If you worked the hardest that you could, bringing your most attentive work ethic and trying your best, then there’s no use fretting over regrets or things you should have done, could have done, or would have done given different circumstances. If you always give your best work, then people will take notice. You’re never last place. You can also think back to some of your previous projects and think “yeah, I gave it my all.” You should also think of your most recent accomplishment as your best accomplishment, until your next accomplishment. Each victory builds upon the last victory.
This being Martin Luther King Jr. Day, I wanted to write about a topic I’ll encounter occasionally, and one the really sets the “good” people apart from the rest. While I’ll mainly be focusing on how this relates to a professional environment, it’s much more widely applicable than that, and I think it encapsulates some of the ideas that he spoke about, mainly, respect toward others.
Consider this yesterday’s post. “How many customers do you meet per day?” “About ten and I might meet around fifty people per day.” One manager told me about tracking sick calls per department, for sport, because of how interesting it seemed that one area would get sick, then the next, and I suppose it’d be practical because of how it affects his teams. How do I deal with the professional hedgehog’s dilemma of interacting with people that brought their sick to work?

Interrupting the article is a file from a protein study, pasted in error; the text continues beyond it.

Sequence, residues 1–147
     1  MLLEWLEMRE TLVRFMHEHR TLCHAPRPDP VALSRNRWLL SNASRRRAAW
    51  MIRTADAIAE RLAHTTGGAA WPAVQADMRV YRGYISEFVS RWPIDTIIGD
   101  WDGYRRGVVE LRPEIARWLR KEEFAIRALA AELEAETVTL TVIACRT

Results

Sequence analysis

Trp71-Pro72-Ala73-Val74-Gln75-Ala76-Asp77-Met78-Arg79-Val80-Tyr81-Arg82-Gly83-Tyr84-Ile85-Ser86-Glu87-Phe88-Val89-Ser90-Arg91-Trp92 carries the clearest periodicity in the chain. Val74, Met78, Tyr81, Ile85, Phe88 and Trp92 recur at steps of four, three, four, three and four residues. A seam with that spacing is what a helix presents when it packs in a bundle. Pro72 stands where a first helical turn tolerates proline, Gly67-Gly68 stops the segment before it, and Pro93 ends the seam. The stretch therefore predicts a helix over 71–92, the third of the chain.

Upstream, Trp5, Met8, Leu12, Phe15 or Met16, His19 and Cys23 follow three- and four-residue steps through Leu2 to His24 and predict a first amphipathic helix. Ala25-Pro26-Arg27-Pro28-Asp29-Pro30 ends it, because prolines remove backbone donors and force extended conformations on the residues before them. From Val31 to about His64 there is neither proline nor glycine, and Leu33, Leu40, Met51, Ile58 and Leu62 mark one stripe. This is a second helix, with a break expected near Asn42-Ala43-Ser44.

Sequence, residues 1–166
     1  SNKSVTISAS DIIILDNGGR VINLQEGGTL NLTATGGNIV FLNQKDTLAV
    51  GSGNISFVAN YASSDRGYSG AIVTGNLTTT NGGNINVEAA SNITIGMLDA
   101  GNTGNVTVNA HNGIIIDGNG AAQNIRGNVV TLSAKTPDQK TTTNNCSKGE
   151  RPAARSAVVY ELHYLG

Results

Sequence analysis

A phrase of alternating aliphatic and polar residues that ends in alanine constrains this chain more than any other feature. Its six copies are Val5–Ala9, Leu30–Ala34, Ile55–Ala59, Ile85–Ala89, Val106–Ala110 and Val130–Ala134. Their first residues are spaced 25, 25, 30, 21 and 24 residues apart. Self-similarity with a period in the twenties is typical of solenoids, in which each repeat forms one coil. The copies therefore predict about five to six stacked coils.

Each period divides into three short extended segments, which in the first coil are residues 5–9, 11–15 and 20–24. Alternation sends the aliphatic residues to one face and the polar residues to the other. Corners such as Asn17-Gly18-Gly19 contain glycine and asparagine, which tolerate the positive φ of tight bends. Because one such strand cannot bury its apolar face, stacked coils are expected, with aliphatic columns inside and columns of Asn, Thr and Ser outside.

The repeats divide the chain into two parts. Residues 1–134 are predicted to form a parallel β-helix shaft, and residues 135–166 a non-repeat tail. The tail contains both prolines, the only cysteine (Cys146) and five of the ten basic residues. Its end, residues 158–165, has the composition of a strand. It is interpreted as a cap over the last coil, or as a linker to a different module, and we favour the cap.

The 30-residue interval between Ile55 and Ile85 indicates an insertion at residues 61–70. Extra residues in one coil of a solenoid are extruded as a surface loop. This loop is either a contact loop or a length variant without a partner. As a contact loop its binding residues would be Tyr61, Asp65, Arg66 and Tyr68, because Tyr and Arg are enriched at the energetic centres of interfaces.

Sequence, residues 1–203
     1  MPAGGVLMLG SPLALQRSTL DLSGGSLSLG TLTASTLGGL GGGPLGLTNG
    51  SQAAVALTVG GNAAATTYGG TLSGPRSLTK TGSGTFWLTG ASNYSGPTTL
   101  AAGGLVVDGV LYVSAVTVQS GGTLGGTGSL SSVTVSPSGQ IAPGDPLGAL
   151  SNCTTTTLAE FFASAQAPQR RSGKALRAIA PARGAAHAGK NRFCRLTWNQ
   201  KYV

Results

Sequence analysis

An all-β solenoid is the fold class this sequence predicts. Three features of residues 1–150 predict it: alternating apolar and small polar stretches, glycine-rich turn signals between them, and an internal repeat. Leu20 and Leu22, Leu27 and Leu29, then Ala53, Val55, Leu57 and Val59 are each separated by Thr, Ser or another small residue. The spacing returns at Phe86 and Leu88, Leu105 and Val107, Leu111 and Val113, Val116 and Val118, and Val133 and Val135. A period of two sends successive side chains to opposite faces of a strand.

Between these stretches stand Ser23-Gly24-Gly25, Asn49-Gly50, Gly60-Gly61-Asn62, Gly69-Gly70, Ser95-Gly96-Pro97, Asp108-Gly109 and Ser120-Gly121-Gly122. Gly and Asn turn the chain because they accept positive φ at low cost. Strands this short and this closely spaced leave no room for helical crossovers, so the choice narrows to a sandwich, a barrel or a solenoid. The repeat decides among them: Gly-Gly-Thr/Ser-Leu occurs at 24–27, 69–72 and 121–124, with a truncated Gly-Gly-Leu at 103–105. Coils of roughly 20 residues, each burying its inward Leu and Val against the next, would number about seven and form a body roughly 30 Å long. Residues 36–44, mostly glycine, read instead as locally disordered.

When you don’t feel 100%, go to bed early.
Not wasting time should apply to all aspects of your life. Rather than write encouraging words about living your life to the fullest while waiting in line at the grocery store, I’ll instead focus on the professional side of things: don’t waste the time of others and don’t waste your own.
You should work toward your goals every day. After a content hiatus of sorts in the month of December, I was listening to some advice being provided by entrepreneur Gary Vaynerchuk about frequently posting content as part of a whole manifesto about working hard and achieving results. That it was around that whole New Year’s Resolution time was a coincidence. So I’ve been practicing this for the last five days now, and I’ve noticed some exciting results: